Even today, the Rothschild’s family owns a collection of banks, property and investment management firms. One firm, RIT Capital Partners, allows small investors in Great Britain to invest alongside the family.
The firm was set up to manage some of the wealth of the Rothschild family and was eventually floated on the stock market as an investment trust in 1988, holding £281m in assets at that time.
Lord Jacob Rothschild, the chairman of the trust, today holds a personal stake of more than 20% in the company, which has now a market value of more than $2.5 billion.
Since 1988 the trust has delivered, on average, returns of about 12.4% a year, serving as what it calls a “wealth preservation vehicle,” that is focused on trying to protect investors’ capital when stock markets fall. This means that the trust is likely to underperform when the there is a strong bull market in stocks.
The firm provides a list of its investment objectives stating that they “aim to participate in markets when they are rising but adopt a more cautious stance when we see risks of capital loss.”
This is done by “retaining liquidity at the right times and preserving shareholders’ capital takes precedence over short-term capital growth.”
To accomplish these goals., the fund uses a multi-asset approach including investments in property, gold and publicly traded equities. Currency exposure is also actively managed to avoid risks of loss due to changes in currencies.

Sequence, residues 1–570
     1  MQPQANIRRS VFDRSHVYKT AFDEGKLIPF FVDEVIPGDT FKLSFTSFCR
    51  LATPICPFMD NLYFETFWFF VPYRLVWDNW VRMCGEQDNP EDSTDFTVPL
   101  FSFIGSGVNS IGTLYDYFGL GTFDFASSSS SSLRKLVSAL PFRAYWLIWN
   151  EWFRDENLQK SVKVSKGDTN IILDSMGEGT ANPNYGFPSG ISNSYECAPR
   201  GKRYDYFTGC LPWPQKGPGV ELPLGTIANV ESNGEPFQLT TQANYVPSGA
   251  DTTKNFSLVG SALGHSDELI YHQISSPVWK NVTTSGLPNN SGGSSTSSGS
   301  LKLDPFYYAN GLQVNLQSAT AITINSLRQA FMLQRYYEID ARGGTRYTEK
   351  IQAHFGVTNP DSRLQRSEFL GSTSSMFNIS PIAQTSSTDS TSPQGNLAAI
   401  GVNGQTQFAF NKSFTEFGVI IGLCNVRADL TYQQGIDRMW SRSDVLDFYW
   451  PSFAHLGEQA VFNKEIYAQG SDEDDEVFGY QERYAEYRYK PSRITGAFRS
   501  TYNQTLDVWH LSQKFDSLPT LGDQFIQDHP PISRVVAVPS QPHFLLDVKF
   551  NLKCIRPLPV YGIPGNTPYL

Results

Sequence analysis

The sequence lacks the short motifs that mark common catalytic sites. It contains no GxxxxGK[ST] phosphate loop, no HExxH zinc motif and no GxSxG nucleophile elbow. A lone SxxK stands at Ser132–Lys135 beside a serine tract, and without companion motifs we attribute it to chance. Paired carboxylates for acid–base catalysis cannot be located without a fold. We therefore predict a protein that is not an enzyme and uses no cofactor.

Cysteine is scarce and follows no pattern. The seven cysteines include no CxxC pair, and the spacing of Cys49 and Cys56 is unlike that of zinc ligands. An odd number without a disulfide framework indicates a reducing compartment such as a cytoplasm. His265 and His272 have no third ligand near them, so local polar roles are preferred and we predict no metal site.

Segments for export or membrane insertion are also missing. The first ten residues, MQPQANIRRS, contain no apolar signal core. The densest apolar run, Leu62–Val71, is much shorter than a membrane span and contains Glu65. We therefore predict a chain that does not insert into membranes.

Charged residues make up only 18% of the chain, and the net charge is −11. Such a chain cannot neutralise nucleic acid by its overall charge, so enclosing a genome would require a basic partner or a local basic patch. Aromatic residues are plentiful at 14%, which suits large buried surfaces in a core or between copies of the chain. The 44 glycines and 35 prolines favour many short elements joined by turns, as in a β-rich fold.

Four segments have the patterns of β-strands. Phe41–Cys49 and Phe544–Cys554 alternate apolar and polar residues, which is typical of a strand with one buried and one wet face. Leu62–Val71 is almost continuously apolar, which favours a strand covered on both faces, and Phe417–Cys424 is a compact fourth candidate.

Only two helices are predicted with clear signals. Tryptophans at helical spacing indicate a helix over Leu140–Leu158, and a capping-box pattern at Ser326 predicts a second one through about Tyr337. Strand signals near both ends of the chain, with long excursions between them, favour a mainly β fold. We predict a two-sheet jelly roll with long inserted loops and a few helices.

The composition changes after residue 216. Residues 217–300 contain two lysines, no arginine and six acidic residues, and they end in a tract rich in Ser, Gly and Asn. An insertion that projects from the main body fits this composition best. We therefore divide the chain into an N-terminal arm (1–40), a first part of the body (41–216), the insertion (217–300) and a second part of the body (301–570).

Applying These Lessons
Individual investors can obviously learn a great deal from a family that has grown its wealth for more than two centuries.
One lesson is that now might not always be the best time to buy. The strategy described by “buy on the sound of cannons, sell on the sound of trumpets” means it could be best to buy on bad news and sell on good news. This is also called “contrarian investing” because it requires moving contrary to popular opinion.
Another lesson is to maintain a source of cash for those times when it is important to buy. This could involve holding a cash reserve or being willing to use margin as a source of liquidity when the market is particularly undervalued.
But, when the opportunity presents itself, investors must act. They may be wrong and risk management strategies should be in place. But, important events often provide short term trading opportunities few investors fully seize.
A final lesson is to diversify. The Rothschilds were among the first to employ geographic diversity as a strategy with branches of the family businesses scattered around Europe and exposed to different risks. Different branches even financed different armies at war with each other.
Diversification should be broad, including different asset classes whenever possible. Geographic diversification, investing beyond the United States if you are a US citizen, should also be considered. Different parts of the world will always offer different types of returns to investors.